Expert warns of landlord exodus amid Section 21 ban

Expert warns of landlord exodus amid Section 21 ban

0:06 AM, 29th February 2024, About 2 months ago 7

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The government’s lack of solutions to resolve the rental crisis has led to a landlord exodus, according to one expert.

Gina Peters, head of landlord and tenant at Dutton Gregory Solicitors, says Michael Gove’s commitment to ban Section 21 ‘no-fault’ evictions before the next election has intensified landlord concerns.

Ms Peters emphasises the upcoming budget must offer measures to help address challenges in the private rented sector.

Left the rental industry in limbo

Ms Peters said: “The government’s actions and lack of solutions in the last year has quite frankly left the rental industry in limbo that has led to landlords simply getting out.

“There are many things that should be announced that can help buy-to-let landlords and provide peace of mind, however, Michael Gove has yet to provide any resolutions.

“We have seen some stability more recently in the market, which is positive, potentially due to the delays Gove had implemented with Section 21, and the various readings of it needing to go through Parliament, though more likely due to the steadying and lowering of interest rates.

“However, with his recent announcement and the fact he wants to prevent landlords from abusing the notice, it will incite more action to exit the lettings market.”

The majority of landlords do not abuse Section 21

Ms Peters adds most landlords only use Section 21 when absolutely necessary and do not want to evict good tenants.

She said: “What the government does not seem to grasp, possibly being swayed by constant lobbying from tenant-supporting charities and organisations, is how outrageous it is for a landlord to use a mechanism that enables them to get their property back.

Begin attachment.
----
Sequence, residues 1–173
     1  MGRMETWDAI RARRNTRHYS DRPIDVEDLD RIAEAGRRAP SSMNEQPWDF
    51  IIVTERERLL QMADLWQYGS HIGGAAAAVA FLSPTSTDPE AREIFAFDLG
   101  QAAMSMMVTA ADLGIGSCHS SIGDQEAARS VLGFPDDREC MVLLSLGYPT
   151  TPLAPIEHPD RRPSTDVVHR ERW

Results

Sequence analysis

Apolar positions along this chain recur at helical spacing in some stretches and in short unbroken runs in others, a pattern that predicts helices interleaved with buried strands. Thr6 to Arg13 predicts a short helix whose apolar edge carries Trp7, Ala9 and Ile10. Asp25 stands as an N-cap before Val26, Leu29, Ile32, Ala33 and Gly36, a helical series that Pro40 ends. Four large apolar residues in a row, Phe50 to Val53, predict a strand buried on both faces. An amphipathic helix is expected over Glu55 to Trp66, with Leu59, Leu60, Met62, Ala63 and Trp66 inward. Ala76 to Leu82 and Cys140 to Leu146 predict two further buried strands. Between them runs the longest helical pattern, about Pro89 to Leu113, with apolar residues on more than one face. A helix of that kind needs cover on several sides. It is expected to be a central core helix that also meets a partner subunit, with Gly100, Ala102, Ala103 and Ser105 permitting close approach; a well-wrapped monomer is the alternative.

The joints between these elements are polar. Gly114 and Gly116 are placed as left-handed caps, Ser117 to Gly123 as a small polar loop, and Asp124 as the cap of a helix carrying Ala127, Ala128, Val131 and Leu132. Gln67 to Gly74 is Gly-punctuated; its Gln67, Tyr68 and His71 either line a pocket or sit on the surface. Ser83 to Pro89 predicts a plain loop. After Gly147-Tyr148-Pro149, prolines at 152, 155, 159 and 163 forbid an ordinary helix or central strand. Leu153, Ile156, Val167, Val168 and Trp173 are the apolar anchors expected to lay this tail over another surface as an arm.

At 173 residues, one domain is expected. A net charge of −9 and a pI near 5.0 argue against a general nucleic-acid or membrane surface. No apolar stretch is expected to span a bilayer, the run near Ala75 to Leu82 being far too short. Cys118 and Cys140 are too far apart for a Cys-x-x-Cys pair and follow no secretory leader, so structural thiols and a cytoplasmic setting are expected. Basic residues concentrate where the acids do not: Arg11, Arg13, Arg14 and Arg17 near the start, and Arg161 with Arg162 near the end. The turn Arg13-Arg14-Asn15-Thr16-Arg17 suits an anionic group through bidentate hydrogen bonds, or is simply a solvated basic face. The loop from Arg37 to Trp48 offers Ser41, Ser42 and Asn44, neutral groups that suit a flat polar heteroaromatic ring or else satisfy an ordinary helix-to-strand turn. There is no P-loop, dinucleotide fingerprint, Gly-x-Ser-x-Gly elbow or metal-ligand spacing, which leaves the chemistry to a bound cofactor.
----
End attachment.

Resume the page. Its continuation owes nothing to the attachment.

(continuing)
“The majority of landlords do not abuse Section 21, and only use it where appropriate. The whole point of buy-to-let is to get a return on investment so landlords want a tenant in their property.

“Removing the ability for landlords to use the notice will have an adverse effect.  Landlords will simply fear they have very little authority over their property, therefore making them less likely to stay in the buy-to-let market.”

Need to make it easier for landlords to stay in the BTL market

Ms Peters explains measures in which the government could take to tackle challenges in the PRS including reintroducing a reduction on Stamp Duty.

She said:“With the upcoming Spring Budget, the government can do many things to put buy-to-let landlords at ease. First, they should reintroduce a reduction on Stamp Duty on second properties purchased to let out, to make it more viable for landlords to have bigger property portfolios.

“Secondly, to bring back some sort of mortgage relief. With the younger generation unable to afford to buy a property, we need to make it easier for landlords to stay in the buy-to-let market as their importance in this key area of the economy has increased enormously.”

Ms Peters adds the supply and demand challenges are exacerbating the rental market.

“To tackle the exceeding demand of rental properties, the government also needs to incentivise getting out of the rental market and provide first-time buyers with something similar to Help To Buy.